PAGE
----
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January 1, 2015
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Political parties fear military courts may target them

National

January 1, 2015

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ISLAMABAD: A primary reason behind expressing reservations to creation of military courts by some political parties is their strong apprehension that these forums might be used against politicians.Whether any political party has publicly aired such fears or not, every one of them has substantial worries in the back of their mind that politicians may fall victim to such courts.However, this fear apart, no parliamentary party is opposed to the establishment of military courts if they exclusively try terrorists because all want elimination of terrorism by employing every possible means and tool. All political forces want conviction of militants on fast-track basis.
Every parliamentary force including even the ruling Pakistan Muslim League-Nawaz (PML-N) had consented to the proposal, though hesitantly, after exhaustive discussions. “We are sure that the parliamentary parties will agree to the creation of these courts at the end of the day as we are trying to allay their apprehensions,” a senior source which is part of the high-level consultations presided over by Prime Minister Nawaz Sharif told The News.
The Pakistan Tehreek-e-Insaf (PTI), which has now partially differed with the proposal, had stamped its approval on it during the December 24 second meeting of the top parliamentary leaders, which was also attended by Chief of Army Staff (COAS) General Raheel Sharif and Director General of the Inter-Services (ISI) Lt-Gen Rizwan Akhtar.
When the recommendation was floated in the lengthy session, PTI Chairman Imran Khan had sought time to mull over it but endorsed it just after half an hour in the same deliberations.
However, his nominee, Hamid Khan, advocate, held the view in Monday’s meeting of constitutional experts that the PTI was opposed to the military courts. On the other hand, PTI Information Secretary Dr Shireen Mazari quickly contradicted Hamid Khan saying that her party was not against such bodies. Confusion about the PTI’s policy has

unnecessarily been spawned.
Almost same is the case with the Pakistan People’s Party (PPP). In the December 24 discussions, its representatives had also agreed to the proposal. The biggest support, though slightly conditional, to the setting up of the military courts had come from a person no less than PPP chief and former president Asif Ali Zardari. He had stated at the death anniversary congregation of Benazir Bhutto in Garhi Khuda Bux on December 27 that his party has backed the recommendation with the condition that these courts will not target politicians.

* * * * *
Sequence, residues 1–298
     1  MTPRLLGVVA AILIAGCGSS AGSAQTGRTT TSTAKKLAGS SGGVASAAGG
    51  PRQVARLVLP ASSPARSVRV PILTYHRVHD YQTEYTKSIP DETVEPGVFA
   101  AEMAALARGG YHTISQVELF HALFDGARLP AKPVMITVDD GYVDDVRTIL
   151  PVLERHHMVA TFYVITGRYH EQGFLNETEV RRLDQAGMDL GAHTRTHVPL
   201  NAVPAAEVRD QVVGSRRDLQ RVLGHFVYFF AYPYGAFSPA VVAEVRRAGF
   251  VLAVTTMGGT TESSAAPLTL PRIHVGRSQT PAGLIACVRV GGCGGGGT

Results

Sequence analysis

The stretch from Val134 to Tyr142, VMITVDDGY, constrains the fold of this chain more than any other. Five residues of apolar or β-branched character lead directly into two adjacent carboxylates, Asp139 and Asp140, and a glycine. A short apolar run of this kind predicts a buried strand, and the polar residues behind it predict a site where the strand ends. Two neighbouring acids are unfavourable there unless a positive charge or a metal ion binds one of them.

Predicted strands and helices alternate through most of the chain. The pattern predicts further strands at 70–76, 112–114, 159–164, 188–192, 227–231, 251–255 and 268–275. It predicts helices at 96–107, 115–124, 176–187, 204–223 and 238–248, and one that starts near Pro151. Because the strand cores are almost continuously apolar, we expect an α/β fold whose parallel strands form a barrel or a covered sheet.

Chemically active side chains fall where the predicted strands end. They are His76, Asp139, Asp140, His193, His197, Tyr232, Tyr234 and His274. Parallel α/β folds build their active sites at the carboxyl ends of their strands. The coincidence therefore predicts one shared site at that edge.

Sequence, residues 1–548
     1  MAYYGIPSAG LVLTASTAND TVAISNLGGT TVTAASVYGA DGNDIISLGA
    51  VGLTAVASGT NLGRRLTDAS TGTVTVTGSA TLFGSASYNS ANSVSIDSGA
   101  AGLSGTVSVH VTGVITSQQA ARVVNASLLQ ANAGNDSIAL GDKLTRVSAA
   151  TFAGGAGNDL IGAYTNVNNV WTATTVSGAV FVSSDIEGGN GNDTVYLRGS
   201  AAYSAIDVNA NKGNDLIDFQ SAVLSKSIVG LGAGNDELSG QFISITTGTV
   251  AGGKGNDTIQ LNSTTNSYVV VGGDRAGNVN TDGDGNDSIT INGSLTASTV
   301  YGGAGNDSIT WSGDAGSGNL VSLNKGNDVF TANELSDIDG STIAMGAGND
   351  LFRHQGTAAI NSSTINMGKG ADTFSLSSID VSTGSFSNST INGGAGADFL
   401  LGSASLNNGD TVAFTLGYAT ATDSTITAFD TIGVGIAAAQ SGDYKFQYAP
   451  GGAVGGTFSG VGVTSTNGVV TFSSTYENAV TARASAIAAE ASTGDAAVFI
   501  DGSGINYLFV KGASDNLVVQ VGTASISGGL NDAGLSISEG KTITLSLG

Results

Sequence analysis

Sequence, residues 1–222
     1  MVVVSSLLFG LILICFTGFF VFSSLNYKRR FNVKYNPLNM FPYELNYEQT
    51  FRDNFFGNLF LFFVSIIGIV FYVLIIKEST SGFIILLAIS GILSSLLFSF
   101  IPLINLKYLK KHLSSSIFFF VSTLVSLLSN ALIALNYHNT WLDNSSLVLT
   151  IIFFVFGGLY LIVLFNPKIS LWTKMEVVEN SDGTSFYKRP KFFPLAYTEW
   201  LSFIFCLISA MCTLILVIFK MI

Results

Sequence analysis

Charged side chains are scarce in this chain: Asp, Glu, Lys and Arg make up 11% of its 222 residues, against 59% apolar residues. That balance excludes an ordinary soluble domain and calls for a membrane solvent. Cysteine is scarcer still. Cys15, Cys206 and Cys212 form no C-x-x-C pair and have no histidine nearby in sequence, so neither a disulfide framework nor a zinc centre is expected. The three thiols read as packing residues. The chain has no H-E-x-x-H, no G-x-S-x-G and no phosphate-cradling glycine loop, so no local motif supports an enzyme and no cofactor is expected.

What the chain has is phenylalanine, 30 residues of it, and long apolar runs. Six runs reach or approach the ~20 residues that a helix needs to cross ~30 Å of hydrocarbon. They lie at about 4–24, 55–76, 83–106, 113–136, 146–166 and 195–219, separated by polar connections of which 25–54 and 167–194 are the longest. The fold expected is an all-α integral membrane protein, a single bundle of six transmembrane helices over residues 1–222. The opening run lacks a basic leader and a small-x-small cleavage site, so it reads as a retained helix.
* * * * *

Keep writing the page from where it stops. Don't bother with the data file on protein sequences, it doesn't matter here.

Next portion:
However, PPP Senator Raza Rabbani has now expressed reservations over military courts and advised the government to learn lessons from thepast as two civilian regimes were toppled by martial laws. It was always during the PML-N stints that such courts were set up, he said.
However, PPP Senator Aitzaz simplified the creation of military courts saying that they can be established by bringing about a change in an ordinary law that the Parliament can pass with a simple majority, and there is no need of any constitutional amendment. “We rejected the draft presented by the attorney general in Monday’s meeting and offered a very brief and simple amendment in a law to satisfy the mandate of the December 24 deliberations.”
Former Chief Justice Iftikhar Mohammad Chaudhry has also described the proposed setting up of military courts as unconstitutional. “Military courts are illegal and unconstitutional. The basic structure of the Constitution guarantees an independent judiciary, and military courts cannot be created in the presence of an independent judiciary.”
The Jamaat-e-Islami was the first political party that had stood against the idea of military courts. But in the December 24 session, it too had changed its mind, though reluctantly. The political parties continue to highlight their fears and apprehensions despite the fact that General Raheel Sharif has categorically assured the parliamentary leaders that he guarantees that these forums would only try ‘jet black terrorists’ with the objective of getting rid of the scourge of terrorism and would not arraign any political figure.
The parliamentary parties, which concurred to the proposal in the presence of the COAS but are disapproving it afterward, are following a hypocritical policy. It is quite possible that they will be fully on board after another meeting on the pattern of the one held on December 24.
Prime Minister Nawaz Sharif has made it clear that the creation of the military courts is part of the 20-point National Action Plan (NAP), which was unanimously approved by all the parliamentary parties.
As per the NAP, the military courts are to function for two years. As they try and convict hardcore terrorists, the government may use this period to massively rectify the normal criminal justice system so as to enable it to meet the new challenges.
The final go-ahead to the establishment of military courts from all the parliamentary parties may be forthcoming with some more discussions and efforts by the prime minister and the army leadership. But the biggest test these forums will face will come when they will be challenged in a superior court especially in view of the fact that the Supreme Court had declared such tribunals null and void back in 1999.
Generally, the superior courts treat special tribunals as a parallel judiciary, which, they are sure, is not allowed under the Constitution. Whenever special courts have been disputed at a judicial forum, superior courts have been laying down strict guidelines to be followed by them where the parties involved are given the due right of hearing, defence and appeal.

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